Where a story in a student publication ten years ago may have struggled to gain any attention whatsoever outside the university, they are now readily available to the outside world over the internet. As anyone who has glanced at the Medwire in the past year will know, student publications are more than capable of going viral and hitting the local, national and international press with stories which could be seen as damaging to an institution's reputation.
Unions, associations and university management boards are all too aware of this, and I suspect a great many have already clamped down, ensuring any scandal is a scandal never to be told. As student publications almost always don't have the staff, funds expertise or conviction in ideology of their commercial press counterparts, most of these battles will never be reported.
I feel there's a real danger that most student publications will end up fully controlled, censored and funded by unions, in a lot of cases acting as nothing more than an extension of the PR department.
I don't want to hold the Medwire up as a pure example of brilliance either: the vast majority of advertising revenue, which is needed for its continued independent existence, is from the three Universities on campus and from their partners. If they took exception to any less-than-favourable content and pulled their advertising, it would likely be dead or otherwise hugely crippled within a year. It would seem there is no model for a truly independent student publication.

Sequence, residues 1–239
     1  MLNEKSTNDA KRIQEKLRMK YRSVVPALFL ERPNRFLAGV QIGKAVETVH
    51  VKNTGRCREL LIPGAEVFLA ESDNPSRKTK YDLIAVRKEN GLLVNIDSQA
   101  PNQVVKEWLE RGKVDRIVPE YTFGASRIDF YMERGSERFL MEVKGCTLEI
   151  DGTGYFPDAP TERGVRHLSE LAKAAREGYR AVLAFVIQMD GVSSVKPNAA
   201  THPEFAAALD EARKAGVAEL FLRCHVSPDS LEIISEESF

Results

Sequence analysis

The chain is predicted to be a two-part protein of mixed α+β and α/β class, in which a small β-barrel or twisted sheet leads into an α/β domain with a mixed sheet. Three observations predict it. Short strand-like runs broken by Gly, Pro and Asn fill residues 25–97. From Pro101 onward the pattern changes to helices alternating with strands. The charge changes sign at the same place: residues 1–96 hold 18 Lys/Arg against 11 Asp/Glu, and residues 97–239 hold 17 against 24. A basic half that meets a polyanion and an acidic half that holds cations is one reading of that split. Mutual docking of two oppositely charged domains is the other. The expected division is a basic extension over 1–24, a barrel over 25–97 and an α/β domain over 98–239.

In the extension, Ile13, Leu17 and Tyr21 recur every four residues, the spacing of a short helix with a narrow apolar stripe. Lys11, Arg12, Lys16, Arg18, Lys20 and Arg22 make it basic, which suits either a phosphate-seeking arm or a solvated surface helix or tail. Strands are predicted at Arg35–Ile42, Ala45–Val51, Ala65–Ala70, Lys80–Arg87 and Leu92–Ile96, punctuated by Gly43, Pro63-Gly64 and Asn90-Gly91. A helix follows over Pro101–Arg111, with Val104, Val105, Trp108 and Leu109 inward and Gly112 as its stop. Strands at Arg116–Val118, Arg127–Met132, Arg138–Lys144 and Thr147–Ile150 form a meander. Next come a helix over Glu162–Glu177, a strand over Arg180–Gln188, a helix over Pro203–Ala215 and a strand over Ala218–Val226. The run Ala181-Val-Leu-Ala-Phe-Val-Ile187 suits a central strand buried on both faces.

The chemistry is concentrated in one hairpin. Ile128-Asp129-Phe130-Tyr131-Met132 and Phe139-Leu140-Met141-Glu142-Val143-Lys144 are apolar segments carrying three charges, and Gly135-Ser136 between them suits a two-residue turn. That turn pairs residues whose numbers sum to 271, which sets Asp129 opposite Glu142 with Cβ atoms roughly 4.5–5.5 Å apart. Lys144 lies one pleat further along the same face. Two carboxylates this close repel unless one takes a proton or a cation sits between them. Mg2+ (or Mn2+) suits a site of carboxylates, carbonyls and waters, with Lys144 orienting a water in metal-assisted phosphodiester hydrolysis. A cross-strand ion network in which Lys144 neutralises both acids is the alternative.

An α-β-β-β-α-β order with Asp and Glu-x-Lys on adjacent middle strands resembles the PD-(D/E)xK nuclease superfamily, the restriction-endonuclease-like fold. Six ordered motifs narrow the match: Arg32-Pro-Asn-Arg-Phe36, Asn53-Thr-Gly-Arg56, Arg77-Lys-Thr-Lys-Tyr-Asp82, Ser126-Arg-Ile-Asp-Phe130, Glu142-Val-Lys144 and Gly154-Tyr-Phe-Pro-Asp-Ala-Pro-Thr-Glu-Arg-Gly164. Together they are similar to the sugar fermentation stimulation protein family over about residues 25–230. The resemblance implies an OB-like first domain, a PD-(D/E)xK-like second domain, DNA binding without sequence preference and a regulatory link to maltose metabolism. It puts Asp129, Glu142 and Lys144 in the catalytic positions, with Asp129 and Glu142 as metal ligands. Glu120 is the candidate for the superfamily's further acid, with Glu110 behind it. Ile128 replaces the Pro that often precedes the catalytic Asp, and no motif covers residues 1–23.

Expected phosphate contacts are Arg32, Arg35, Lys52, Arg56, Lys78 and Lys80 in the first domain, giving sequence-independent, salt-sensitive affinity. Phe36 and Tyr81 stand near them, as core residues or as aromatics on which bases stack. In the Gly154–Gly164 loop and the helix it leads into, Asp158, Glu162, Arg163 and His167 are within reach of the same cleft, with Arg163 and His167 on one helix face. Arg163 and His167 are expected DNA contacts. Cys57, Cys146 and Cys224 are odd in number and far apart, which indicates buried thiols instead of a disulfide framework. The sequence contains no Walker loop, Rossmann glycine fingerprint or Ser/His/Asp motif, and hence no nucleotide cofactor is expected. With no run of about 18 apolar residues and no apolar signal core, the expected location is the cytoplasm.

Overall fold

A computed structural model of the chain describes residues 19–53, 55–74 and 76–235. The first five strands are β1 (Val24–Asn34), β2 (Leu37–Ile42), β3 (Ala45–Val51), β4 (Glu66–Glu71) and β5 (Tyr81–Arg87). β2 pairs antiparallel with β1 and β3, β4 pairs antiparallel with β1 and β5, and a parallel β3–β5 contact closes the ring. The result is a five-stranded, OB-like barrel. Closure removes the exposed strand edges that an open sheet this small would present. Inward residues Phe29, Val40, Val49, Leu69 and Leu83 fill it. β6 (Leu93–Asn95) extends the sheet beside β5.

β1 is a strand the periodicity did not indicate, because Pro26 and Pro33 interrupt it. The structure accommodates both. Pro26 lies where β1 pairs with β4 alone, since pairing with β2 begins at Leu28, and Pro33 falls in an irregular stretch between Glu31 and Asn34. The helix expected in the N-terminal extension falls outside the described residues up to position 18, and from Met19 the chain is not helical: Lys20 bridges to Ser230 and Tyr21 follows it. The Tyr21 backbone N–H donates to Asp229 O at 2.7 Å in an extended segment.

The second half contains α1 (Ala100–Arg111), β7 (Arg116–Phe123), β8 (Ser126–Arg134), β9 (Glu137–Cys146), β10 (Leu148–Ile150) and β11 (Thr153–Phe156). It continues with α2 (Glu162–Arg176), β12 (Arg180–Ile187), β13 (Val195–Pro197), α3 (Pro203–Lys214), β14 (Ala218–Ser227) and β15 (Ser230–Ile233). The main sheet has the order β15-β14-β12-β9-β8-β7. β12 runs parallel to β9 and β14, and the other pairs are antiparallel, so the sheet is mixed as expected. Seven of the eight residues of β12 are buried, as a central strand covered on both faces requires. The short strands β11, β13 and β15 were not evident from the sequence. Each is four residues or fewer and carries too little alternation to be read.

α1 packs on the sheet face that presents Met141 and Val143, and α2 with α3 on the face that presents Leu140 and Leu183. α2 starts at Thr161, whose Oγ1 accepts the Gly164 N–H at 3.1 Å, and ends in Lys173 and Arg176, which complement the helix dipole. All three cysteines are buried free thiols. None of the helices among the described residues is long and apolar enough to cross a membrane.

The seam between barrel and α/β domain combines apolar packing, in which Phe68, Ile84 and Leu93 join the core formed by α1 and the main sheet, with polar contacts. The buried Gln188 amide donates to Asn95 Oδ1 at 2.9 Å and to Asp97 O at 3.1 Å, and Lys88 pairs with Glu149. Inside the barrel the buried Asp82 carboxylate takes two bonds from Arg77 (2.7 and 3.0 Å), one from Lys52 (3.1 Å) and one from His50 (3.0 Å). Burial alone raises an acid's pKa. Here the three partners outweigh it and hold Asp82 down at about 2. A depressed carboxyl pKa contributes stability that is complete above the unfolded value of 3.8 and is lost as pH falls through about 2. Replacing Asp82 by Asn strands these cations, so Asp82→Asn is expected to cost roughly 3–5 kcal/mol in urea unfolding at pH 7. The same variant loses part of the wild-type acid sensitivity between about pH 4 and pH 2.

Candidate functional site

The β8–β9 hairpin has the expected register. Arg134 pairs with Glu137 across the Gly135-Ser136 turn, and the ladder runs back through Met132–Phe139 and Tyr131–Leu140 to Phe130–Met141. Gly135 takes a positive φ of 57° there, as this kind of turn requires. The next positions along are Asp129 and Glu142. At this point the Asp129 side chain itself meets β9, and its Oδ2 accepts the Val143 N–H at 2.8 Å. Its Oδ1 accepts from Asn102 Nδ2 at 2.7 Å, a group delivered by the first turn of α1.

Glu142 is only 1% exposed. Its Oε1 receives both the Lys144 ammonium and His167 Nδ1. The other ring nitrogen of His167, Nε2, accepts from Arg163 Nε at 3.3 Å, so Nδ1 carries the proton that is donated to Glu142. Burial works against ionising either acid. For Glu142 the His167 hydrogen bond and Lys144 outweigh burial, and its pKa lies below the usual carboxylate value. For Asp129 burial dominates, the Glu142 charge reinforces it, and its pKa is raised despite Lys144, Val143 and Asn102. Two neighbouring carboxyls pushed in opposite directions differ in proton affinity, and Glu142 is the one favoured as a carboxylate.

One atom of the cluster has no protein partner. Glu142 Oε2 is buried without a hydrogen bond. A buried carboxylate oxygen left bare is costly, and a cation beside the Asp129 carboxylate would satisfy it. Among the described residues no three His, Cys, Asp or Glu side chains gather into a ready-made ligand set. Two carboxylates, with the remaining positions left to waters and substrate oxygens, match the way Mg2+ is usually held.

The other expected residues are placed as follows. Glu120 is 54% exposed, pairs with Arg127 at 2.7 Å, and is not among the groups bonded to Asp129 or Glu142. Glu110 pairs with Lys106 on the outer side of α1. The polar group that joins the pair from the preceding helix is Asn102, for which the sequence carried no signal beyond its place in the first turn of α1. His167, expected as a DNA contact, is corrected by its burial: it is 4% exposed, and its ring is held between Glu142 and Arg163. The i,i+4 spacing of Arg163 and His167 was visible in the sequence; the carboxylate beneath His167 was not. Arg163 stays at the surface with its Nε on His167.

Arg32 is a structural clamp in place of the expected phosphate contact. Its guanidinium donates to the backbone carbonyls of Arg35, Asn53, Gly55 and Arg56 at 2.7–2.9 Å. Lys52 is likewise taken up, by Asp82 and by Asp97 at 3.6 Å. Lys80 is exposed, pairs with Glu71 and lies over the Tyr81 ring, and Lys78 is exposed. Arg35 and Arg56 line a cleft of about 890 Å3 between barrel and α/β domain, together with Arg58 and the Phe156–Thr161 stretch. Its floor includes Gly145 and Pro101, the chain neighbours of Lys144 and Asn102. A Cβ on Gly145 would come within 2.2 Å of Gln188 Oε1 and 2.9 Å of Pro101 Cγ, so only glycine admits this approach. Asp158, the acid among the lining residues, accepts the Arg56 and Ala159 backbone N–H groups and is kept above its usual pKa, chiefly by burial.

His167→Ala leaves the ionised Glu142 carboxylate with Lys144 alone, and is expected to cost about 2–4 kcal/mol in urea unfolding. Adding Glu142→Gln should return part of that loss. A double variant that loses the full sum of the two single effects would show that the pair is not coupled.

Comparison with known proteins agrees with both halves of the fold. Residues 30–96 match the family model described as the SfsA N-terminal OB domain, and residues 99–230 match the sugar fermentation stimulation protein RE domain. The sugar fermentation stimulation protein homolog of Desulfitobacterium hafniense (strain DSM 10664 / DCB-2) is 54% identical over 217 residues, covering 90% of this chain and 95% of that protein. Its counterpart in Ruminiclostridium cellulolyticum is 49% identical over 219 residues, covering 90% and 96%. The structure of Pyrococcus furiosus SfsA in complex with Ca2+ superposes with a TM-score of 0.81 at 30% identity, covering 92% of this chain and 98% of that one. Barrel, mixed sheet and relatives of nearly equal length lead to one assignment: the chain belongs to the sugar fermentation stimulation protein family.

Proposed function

The next question is, if they are capable of doing such damage, why do you need a student press anyway?
The answer is simple: students' unions and students' associations are funded with the money of students. They have a direct obligation to students. Moreso, their officers are democratically elected by students, and as you've probably heard lecturers say a thousand times over, there can be no true democracy without a free press to hold that power to account. The obligations of the Unions and elected officers to students should not be understated, as they are the main structure to keep campus life running.
This sounds a bit pompous, but it's true: student papers have a very important job to do in holding the power of unions and universities over students to account, and given the current trend of public sector cutbacks nationally (especially for crucial things like welfare spending), it's more important than ever right now.
Without dedicated student journalists at every single university making sure scandals don't go unreported, the nature of university as a fast-moving place of transition where few people are for an extended period of time means most deep-rooted problems could go unaddressed, raised by generation after generation of students but never rectified.
Beyond this, too, a free student press is an invaluable tool to future journalists. Working on it can put you in regular contact with people working on regional and national newspapers, and a well-written investigative story in a student outlet can genuinely bring with it offers of sought-after work experience from publications that otherwise would never have heard of you.
Reading biographies and autobiographies of notable journalists, it will often strike you how many of them got their first rung onto the ladder of journalism through the student press. The link that the student press has to the national press should not be understated.
I'm genuinely not sure what the answer to the attacks that student journalists face should be: I think both the NUS and NUJ might have a role to play in defending student publications, and safeguarding a free independent of a student press. Perhaps instead there could be a new model for student publications which free them from their reliance on the university and Union for funding? Or maybe it is enough to have dedicated students working to ensure power is held to account one way or another, and that student democracy doesn't rely on a student press as much as I think.
I'd love to hear some other people's thoughts on this though, because it's massively under-reported and under-discussed territory.